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Stopping Power — Why 70 Million Americans Own Guns
A Book by J. Neil Schulman

Some Practical Arguments for an Armed Civilian Population

Most of the time you hear gun owners defending their guns, they’re talking about “the right to keep and bear arms.” That is, of course, an important argument to make, but it’s not the one that will appeal to those among us who are swayed only by arguments regarding social utility.

I’ve never believed there is any great divide between good theoretical arguments and good practical ones. If something is correct in theory, it should necessitate practical consequences. If something works in practice, it should be generalizable into a theory. How can something be moral if it isn’t practical? How can it be practical if it produces destruction?

I’ll focus more on political theory later in this book. But for now, here are some empirical arguments in favor of keeping and bearing arms. — JNS

A Time to Kill

Maybe you haven’t noticed it, but the Star-Spangled Banner has been replaced by the dove of peace. Attorney General Janet Reno and Senator Paul Simon condemn the portrayal of violence on television. Surgeon General Joycelyn Elders wants to ban toy guns. The Los Angeles Times wants to ban real guns. The latest Clint Eastwood movie, A Perfect World, is not Dirty Harry ending the career of some maniac, but a buddy movie about a fatherless boy and the sympathetic psychopath who takes him under his wing. The federal Centers for Disease Control and Prevention, backed by the American Medical Association, has declared violence to be a national health crisis.

There is without doubt a national crisis when automatic-teller-machine hold-ups, carjackings, and serial rapes are commonplace; when our celebrities are a woman who cuts off her husband’s penis and the husband who sells T-shirts commemorating it; when youth gangs don’t even have the courage to rumble — they just do drive-by shootings.

But it’s not a national health crisis. It’s a national moral crisis.

The King James Bible tells us that the Sixth Commandment is, “Thou shalt not kill.” Any biblical scholar will tell you that’s a mistranslation from the original Hebrew. It should instead read, “Thou shalt not murder.”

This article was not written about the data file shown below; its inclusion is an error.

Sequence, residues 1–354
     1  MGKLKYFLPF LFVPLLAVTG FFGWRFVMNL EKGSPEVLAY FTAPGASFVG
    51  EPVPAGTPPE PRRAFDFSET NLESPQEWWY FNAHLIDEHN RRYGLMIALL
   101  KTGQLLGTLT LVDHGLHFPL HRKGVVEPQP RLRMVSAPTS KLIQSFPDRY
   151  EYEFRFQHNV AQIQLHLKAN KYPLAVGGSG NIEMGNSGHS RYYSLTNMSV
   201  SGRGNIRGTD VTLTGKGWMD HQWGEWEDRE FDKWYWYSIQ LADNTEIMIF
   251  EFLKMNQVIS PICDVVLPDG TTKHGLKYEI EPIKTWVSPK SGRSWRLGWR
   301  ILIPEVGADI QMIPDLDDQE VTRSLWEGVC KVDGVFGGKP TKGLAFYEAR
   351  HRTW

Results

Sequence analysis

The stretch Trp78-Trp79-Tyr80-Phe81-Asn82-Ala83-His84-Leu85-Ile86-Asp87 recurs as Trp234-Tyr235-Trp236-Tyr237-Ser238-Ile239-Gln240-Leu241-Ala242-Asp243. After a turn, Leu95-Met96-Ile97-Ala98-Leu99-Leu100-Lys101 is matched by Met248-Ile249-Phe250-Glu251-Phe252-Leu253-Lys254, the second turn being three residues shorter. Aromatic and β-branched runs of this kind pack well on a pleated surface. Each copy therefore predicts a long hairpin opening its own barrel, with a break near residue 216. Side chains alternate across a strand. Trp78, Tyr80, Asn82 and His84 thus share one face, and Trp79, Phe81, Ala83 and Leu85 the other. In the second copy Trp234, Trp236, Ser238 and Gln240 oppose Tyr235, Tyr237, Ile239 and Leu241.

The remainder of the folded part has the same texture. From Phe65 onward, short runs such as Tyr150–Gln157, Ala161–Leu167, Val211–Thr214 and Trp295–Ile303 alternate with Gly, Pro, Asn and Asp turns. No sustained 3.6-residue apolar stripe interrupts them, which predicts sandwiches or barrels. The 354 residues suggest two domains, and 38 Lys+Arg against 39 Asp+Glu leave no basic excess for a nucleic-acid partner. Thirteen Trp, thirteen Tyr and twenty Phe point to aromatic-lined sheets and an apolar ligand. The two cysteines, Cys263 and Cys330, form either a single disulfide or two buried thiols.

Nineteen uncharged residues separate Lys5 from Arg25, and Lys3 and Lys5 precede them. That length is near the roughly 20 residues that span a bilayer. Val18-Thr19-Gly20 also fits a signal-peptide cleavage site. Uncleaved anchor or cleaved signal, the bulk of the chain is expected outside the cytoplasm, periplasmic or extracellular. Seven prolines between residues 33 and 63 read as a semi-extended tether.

In Ecclesiastes Chapter 3, Verse 3, the Bible also tells us that there is a time to kill.

We have lost our ability to distinguish between justified and unjustified violence. We no longer feel certain about the difference between good guys and bad guys. We no longer know when it’s time to kill, or whom.

A time to kill would have been when Patrick Purdy walked into a schoolyard in Stockton, California and started shooting at children. But we place our children in the care of defenseless teachers, so there was no one able to kill Patrick Purdy in time.

A time to kill would have been when George Hennard walked into a Luby’s cafeteria in Killeen, Texas and began shooting diners. But Texans may no longer legally carry six-shooters on their hips, so there was no one able to kill Hennard in time.

A time to kill would have been when Gian Luigi Ferri walked into a San Francisco law office and began shooting at attorneys, secretaries, and clients. But not one lawyer kept a Smith & Wesson in her desk, so there was no one able to kill Ferri in time.

A time to kill would have been when Colin A. Ferguson began shooting passengers on the Long Island Railroad. There were men on the train with the courage to tackle and capture Ferguson even though they were unarmed — but not before Ferguson had shot dozens of people. If only one person had been armed, innocent people might be alive and Ferguson dead.

A recent article in The Public Interest by Jeffrey Snyder — lauded by George Will in Newsweek — suggests that we have become “a nation of cowards” in our willingness to submit peaceably to crime and rely on police to protect us. But is it courage that we lack, or moral certainty?

We have become a nation of deer facing oncoming headlights, paralyzed with moral ambiguity. Like Clint Eastwood’s stymied Texas Ranger in A Perfect World, we declare, “I don’t know a damn thing anymore.”

The currently fashionable condemnation of violence is based on morally untenable premises, either pacifistic or statist. We civilians are told to be peaceable either because violence does not solve problems, or because only people in uniforms are entitled to use violence.

Certainly violence does not solve all problems. But there is one sort of problem that violence is indispensable to solve: stopping violent evildoers.

Certainly we don’t want to live in a nation of lynch mobs. There is a clear distinction between self-defense and proactive law enforcement. But with the examples of the ATF siege in Waco, the unindicted murder of Randy Weaver’s wife and son by federal agents, and the looming threat of well-armed police enforcing civilian gun bans, isn’t Janet Reno’s condemnation of violence more than a little hypocritical?

Violence is not of itself always wrong. Sometimes committing an act of violence is a right and a moral necessity. When violence is righteous, it is glorious. If we do not understand this and ready ourselves with arms and training for the rightful violence that is necessary to defend the innocent, then the random violence eating away at our nation’s substance is just what we have coming to us.


Next in Stopping Power — Why 70 Million Americans Own Guns is 140,000 LA County Gun Owners Have Used Firearms Defensively

Stopping Power — Why 70 Million Americans Own Guns is
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